BERLIN – German politicians and the major media have propelled Israel this week
into the charged political debate over whether the Merkel administration’s
decision to sell 200 tanks to Saudi Arabia conforms with Germany’s military
export policies toward the Middle East.
The Munich-based daily Süddeutche
headlined its Tuesday story “Israel approves tank sale,” suggesting that
Israel played the kingmaker role when German Chancellor Angela Merkel’s Federal
Security Council green-lighted the roughly 1.7 billion euro tank deal to Saudi
Arabia in late June. Though the article also noted that the council sought
clearance from the United States, Israel has largely remained front and center
in German news reports and commentaries about the controversial armaments
Israel’s reported role in the council’s calculus to approve the
sale of the Leopard 2A7+, Germany’s most advanced battlefield tank, to Riyadh,
prompted Deputy Foreign Minister Danny Ayalon to say during his recent visit to
Berlin, “I am unaware of an upcoming tank deal between Germany and Saudi
In an interview with the daily Die Welt
on Thursday, Ayalon was
further quoted as saying that “it is in the nature of such matters that one does
not speak about them publicly. But I can assure you that we fully and completely
trust Germany’s government.”
The Merkel administration has declined to
comment on the sale, invoking nondisclosure rules associated with the Federal
Security Council’s highly secretive meetings.
According to the thinking
of Israeli defense analysts, tanks do not poise a threat to Israel since Saudi
Arabia and Israel do not share a border. What ostensibly took place was that
Berlin updated Jerusalem, and Israel simply did not say anything.
defense experts note that the Jewish state has put its foot down when F-15s
fighter jets, Airborne Warning and Control System (AWACS), and Joint Direct
Attack Munition (JDAMs) were to be sold to the Saudis.
systems spell a direct threat to Israel’s security, because F-15 jets can target
Israel, AWACS can monitor Israel Air Force operations, and JDAMs can be fired by
Saudi Arabian pilots from over the Red Sea and accurately hit targets in Israel
using GPS coordinates.
While the German media and politicians attach at
times a disproportionate and superfluous amount of attention to Israel, the
Saudi tank deal has generated outrage because of Riyadh’s role in suppressing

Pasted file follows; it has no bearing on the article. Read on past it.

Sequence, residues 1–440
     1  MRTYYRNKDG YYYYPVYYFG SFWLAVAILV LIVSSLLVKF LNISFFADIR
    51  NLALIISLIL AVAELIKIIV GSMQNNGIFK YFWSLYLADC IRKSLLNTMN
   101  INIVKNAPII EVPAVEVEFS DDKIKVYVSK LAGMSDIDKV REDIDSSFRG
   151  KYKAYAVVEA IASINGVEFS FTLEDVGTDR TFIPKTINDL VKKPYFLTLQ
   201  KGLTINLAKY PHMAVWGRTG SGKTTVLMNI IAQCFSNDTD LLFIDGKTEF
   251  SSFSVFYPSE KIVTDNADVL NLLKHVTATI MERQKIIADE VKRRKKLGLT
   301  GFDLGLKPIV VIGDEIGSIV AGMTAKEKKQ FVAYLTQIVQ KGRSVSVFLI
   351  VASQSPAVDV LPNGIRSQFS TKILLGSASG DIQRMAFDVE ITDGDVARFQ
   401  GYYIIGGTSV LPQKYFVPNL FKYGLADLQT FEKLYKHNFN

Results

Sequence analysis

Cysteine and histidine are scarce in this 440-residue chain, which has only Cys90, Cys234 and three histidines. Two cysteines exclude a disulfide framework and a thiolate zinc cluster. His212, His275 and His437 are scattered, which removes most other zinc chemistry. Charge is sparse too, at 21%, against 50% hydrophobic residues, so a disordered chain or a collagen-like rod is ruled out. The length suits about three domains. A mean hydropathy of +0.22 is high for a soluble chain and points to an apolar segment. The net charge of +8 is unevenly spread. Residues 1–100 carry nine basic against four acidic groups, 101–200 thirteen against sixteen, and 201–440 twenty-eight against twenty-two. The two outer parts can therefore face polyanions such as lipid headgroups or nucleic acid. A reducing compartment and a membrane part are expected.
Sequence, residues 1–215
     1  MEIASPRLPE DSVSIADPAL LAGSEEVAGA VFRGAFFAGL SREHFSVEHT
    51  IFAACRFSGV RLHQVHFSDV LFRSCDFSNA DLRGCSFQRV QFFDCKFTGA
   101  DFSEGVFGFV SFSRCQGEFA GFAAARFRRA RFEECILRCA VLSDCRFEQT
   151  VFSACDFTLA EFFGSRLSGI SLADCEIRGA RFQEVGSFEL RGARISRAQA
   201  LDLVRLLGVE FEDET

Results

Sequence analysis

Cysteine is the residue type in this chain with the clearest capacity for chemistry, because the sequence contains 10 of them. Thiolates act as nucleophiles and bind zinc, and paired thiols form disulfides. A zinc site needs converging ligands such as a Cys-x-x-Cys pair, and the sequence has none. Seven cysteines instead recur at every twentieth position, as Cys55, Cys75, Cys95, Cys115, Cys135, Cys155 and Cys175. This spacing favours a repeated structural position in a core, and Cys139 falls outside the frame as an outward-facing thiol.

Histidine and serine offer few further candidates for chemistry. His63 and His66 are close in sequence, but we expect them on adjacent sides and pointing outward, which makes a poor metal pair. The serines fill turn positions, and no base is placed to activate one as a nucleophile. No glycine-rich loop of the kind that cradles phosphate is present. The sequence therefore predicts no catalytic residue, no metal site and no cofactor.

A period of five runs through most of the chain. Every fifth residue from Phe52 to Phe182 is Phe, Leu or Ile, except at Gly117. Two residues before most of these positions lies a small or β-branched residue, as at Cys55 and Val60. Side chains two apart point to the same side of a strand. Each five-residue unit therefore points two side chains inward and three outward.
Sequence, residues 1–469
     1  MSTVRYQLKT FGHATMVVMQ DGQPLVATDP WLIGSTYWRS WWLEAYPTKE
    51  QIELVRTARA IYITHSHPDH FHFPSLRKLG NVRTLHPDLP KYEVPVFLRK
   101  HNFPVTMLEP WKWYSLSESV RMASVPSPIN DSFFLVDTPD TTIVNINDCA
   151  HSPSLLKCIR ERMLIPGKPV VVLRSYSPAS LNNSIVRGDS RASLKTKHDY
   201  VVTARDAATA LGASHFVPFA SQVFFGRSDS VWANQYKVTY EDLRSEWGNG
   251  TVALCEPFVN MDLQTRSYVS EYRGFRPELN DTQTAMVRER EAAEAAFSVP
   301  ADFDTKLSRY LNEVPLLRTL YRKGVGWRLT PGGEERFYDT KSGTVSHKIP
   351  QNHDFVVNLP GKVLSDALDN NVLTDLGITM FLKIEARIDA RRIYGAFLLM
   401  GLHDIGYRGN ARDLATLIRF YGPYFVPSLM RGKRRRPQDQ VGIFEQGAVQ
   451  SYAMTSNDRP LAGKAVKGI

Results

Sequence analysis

the prodemocracy movement in Bahrain. Leopard 2A7+ tanks are also suited for use
in military crowd control actions.
Yet Germany’s shipment of military
goods to Saudi Arabia over the years, as well as to Turkey, would seem to
suggest that its declared policy of not providing weapons to crisis-ridden
states in the volatile Middle East is a mixed bag. According to the Bonn
International Center for Conversion (of military facilities and equipment to
civilian uses), Germany has over the last 10 years sold 39 million euros worth
of weapons to the Saudis. Germany is the world’s third-largest exporter of
weapons. A startling 11% of Germany’s military exports were sent to Turkey
between 2006 and 2010. Last year, Turkish armed forces were reported to have
used chemical weapons against Kurdish insurgents.
The moral uproar over
the German-Saudi deal among Social Democrats, the Left Party, the Greens, and
even some deputies from parties in Merkel’s coalition, might also strike Israeli
observers as odd because of Germany’s role over the years in the sale of
dual-use military and civilian goods to the Islamic Republic of Iran. The
Bundestag remained largely silent about German-Iranian dual-use deals, including
those involving Siemens- Nokia surveillance technology that could be used
Within the context of the Saudi-German tank affair,
Philipp Missfelder, a foreign policy spokesman for Merkel’s Christian Democratic
Union (CDU), said on Thursday in the International Herald Tribune, “Every step
that we take in the region we take with the condition that it promotes the
security and the right to exist of Israel.”
How Missfelder’s political
assurance to Israel squares with his country’s robust trade relations with
Tehran (totaling more than 4 billion euros in 2010), including the ongoing sale
of sophisticated engineering equipment to Iran, remains a thorny issue for
CDU deputy Ruprecht Polenz’s defense of the
hosting of legislators from Iran last week in the Bundestag triggered an angry
reaction from MK Shaul Mofaz, chairman of the Knesset’s Foreign Affairs and
Defense Committee, who asserted that Germany is making a mockery of
international sanctions against Tehran.
As the WikiLeaks dispatches
showed, the Saudis view Iran’s drive to obtain nuclear weapons and its
jingoistic foreign policy as the greatest threat to Middle East
It is unclear if Germany’s deal to arm Saudi Arabia with tanks
is based on the Iranian threat or on mercantile reasons. A combination of
economics and tackling Iran’s highly aggressive foreign policy is also a
But if the past is a guide to Germany’s present
behavior in the region, pure economic interests in the Federal Republic usually
take priority over human rights in the Muslim world, Israel’s security and
stability in the Middle East.
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